Estimates show preterm birth complications and pneumonia are leading causes of death in children under five years
Complications from preterm (premature) births and pneumonia are now the leading causes of death in children under five years, together responsible for nearly 2 million deaths in 2013, according to the latest estimates, published today in The Lancet.
Researchers led by Professor Robert Black, of Johns Hopkins Bloomberg School of Public Health, Baltimore, USA, used the latest available data and modelling methods to examine what caused an estimated 6.3 million deaths of newborn babies (neonates) and children under five years in 2013.
They found that complications from preterm birth were the largest single cause, responsible for 965000 deaths in under-fives, with pneumonia responsible for a further 935000 deaths, and complications from childbirth (intrapartum complications) the next leading cause, responsible for 662 000 deaths.
More than half (51.8%) of children died from infectious causes, including pneumonia, diarrhoea, and malaria. India, Nigeria, Pakistan, Democratic Republic of Congo, and China had the highest numbers of child deaths, together contributing to around half of all child and neonatal deaths globally in 2013.
The results are published as the 2015 deadline for the Millennium Development Goals (MDGs) approaches, with MDG4 (to reduce by two thirds, between 1990 and 2015, the under-five mortality rate) unlikely to be achieved by more than a handful of countries.
According to the authors, who are based at Johns Hopkins Bloomberg School of Public Health, USA, the London School of Hygiene and Tropical Medicine, UK, the World Health Organization, Switzerland, and the University of Edinburgh, UK, "Despite remarkable progress at the level of global averages, at national level, MDG 4 will not be achieved in most countries in 2015. As we enter the final 500 days of the MDG era, our analysis underlines a major transition for child survival symbolised by the fact that preterm birth complications are now the leading cause of under-5 deaths globally, not just of deaths in the neonatal period".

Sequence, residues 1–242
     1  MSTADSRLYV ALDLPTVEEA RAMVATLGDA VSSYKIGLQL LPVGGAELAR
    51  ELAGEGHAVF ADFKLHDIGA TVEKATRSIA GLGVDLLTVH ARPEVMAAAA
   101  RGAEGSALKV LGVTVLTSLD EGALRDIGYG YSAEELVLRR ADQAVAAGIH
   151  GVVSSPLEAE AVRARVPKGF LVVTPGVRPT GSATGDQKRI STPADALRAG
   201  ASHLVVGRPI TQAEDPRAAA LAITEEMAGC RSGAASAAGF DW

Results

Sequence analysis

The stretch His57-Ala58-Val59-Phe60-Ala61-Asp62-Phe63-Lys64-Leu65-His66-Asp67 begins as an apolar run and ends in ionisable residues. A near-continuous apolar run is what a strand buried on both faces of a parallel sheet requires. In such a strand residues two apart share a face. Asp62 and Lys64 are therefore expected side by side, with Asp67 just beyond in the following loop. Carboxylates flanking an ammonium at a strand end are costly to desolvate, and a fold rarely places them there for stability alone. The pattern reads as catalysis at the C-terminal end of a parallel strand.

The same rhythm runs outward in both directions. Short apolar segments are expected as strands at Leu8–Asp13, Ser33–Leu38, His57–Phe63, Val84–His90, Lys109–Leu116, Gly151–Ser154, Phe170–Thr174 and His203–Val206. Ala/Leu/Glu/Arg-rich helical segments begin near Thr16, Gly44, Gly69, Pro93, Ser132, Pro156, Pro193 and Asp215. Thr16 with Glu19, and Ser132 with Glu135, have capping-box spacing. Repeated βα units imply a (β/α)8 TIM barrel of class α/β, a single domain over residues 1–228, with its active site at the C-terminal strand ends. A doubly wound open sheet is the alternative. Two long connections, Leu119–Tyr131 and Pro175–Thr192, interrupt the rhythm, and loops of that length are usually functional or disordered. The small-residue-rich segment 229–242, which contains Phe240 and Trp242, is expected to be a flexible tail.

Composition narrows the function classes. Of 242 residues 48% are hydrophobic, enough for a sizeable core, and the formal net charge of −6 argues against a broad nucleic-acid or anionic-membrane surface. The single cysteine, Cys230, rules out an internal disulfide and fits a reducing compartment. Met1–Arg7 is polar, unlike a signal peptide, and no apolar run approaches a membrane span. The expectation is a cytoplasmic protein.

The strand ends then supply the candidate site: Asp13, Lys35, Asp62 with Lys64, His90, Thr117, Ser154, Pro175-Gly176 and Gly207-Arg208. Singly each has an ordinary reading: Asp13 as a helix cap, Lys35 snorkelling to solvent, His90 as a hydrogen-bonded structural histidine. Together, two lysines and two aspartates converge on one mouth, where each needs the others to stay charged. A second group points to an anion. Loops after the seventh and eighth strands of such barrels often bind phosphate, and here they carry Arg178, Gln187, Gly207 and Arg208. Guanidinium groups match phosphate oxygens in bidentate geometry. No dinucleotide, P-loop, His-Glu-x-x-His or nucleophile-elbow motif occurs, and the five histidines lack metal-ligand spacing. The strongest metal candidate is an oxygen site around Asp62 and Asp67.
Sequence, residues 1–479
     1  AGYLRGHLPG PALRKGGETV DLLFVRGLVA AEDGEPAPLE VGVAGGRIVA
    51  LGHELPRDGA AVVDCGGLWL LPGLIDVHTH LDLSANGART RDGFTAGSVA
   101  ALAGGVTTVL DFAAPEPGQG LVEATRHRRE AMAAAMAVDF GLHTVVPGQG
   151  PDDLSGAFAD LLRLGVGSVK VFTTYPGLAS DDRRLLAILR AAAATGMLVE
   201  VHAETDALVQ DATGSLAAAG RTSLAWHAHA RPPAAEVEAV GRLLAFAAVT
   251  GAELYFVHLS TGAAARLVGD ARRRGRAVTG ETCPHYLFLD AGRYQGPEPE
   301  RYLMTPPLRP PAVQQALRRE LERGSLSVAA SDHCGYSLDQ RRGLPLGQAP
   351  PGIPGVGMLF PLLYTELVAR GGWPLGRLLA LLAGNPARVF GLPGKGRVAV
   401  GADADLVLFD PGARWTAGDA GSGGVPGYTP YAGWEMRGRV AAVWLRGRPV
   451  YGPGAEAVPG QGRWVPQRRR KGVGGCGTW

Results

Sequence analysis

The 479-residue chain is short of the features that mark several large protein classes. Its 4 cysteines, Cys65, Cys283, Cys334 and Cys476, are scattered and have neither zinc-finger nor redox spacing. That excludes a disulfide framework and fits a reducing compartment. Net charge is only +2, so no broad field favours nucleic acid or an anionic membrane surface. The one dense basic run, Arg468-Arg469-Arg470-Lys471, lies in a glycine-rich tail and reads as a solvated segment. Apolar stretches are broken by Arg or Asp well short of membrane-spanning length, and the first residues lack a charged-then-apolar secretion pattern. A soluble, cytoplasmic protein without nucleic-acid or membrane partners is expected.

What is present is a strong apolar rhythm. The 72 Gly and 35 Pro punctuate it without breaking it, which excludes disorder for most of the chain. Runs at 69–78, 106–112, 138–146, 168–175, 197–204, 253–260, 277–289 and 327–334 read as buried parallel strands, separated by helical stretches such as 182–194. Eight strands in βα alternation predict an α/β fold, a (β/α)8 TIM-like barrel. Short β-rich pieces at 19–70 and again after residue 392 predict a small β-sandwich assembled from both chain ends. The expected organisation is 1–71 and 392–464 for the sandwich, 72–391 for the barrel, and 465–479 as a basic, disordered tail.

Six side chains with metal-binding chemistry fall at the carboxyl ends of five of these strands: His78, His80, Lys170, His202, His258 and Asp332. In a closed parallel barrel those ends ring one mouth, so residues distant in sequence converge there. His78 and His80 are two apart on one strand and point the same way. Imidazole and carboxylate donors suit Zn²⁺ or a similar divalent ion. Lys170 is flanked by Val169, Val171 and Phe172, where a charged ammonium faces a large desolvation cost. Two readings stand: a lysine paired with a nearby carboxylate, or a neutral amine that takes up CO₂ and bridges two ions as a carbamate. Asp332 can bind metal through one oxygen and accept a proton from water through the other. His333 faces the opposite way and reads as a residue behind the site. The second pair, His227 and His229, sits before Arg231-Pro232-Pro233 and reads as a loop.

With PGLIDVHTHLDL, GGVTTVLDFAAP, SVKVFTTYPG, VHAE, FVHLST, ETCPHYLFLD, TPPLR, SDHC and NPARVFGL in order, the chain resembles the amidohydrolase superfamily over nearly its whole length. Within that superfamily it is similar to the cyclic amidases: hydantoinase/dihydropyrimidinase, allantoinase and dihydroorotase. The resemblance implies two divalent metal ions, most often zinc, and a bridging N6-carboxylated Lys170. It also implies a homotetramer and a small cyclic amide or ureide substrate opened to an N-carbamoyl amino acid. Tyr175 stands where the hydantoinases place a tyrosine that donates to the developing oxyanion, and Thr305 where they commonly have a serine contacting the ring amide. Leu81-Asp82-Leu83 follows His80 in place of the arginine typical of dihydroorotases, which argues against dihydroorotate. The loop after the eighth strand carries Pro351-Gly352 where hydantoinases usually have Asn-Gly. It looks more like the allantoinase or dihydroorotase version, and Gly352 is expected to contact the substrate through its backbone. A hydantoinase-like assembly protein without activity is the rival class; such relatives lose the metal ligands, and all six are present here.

Although rates of child deaths reduced dramatically – from 77.4 to 45.6 per 1000 livebirths – between 2000 and 2013, the authors' projections show that, if current trends continue, in 2030 4.4 million children under five years will still die, and 60% of these deaths will occur in sub-Saharan Africa. However, the authors point out that with increased commitment to preventing the most important causes of child deaths, this number could be nearly halved, with just 2.8 million child deaths in 2030.
"Although great progress has been made in child survival in the past two decades, with most of this progress in the past decade, it has not been enough", say the authors. "Millions of children are still dying of preventable causes at a time when we have the means to deliver cost-effective interventions. Through the MDG effort, we have learned that substantial progress can be achieved but is not guaranteed, that good-quality data are crucial for tracking of progress, and that long-term targets are useful not only for planning and coordination, but also for rallying countries and the global health community."